Dr. Miranda Goodman is an Assistant Professor of Psychology with interests in the parent-child relationship from infancy all the way through college and the impact of mental health issues on these relationships. She is also interested in conducting research to evaluate how colleges and universities can most effectively support their students. She received her undergraduate degree from the University of California-Los Angeles and her Ph.D. from the University of California-Davis. Her previous research has explored social referencing in infancy, the development of prosocial behavior in toddlers, and preschool-aged children’s memories for traumatic events. Since arriving at Eckerd, she has completed studies looking at the impact of living with a pet on a college student stress, the role of emotional support animals on college campuses, the parent-child relationship at the transition to college, and what predicts the quality of a mentor-student relationship.

Decreasing Injuries to Brown Pelicans at Fishing Piers

Field: Environmental Studies
Faculty: Dr. Beth Forys

Apply Now: Envrionmental Studies First-Year Research

About the Project

Brown Pelicans are amazing at catching fish, but they will also eat discards from people fishing at piers. Each time a pelican visits a fishing pier it risks being entangled in fishing line. Join a research team that is trying to better understand what attracts pelicans and other wading birds to fishing piers and how to decrease their chance of being injured. Students will conduct surveys for pelicans and other wading birds on campus and will also record the behavior of people fishing.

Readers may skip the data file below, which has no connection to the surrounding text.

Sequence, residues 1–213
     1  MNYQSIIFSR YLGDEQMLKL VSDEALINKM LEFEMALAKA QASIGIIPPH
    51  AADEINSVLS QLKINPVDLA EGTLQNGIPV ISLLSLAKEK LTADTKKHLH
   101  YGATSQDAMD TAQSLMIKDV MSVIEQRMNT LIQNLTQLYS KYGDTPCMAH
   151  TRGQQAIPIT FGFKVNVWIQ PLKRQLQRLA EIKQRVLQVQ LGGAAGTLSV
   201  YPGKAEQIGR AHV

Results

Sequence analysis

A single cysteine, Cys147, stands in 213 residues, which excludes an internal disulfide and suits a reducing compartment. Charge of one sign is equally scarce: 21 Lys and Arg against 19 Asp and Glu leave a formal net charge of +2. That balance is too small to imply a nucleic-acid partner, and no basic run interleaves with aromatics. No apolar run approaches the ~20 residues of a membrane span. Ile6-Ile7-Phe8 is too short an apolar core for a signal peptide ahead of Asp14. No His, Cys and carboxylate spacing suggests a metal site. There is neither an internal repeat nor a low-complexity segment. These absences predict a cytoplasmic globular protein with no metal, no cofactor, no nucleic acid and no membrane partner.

Exploring Animal Perceptions of Art and Entertainment

Field: Theatre
Faculty: Dr. Antonia Krueger

Apply Now: Theatre First-Year Research

About the Project

As Animal Studies has developed as a field, the impacts of performing arts and visual arts on animal subjects has become an area of interest for many performing and visual artists, as well as others invested in fostering well-being for non-human animals who live in close proximity to humans. Video games, television, and music for pets, and dance and music for dairy cows, chickens, horses, and goats, are among areas where this is a growing field of investigation. The purpose of this project is to explore various aspects of animal responses to the arts. What is aesthetically appealing for members of nonhuman animal species? The first-year student associate will assist with exploratory research examining animal responses to artistic stimuli. Primary responsibilities would include exploring and analyzing literature in the field, recruiting pet participants, running non-invasive experiments, collating and analyzing data, and writing up findings.

Exploring Dog Behavior & Cognition

Field: Animal Studies
Faculty: Dr. Lauren Highfill

Apply Now: Animal Studies First-Year Research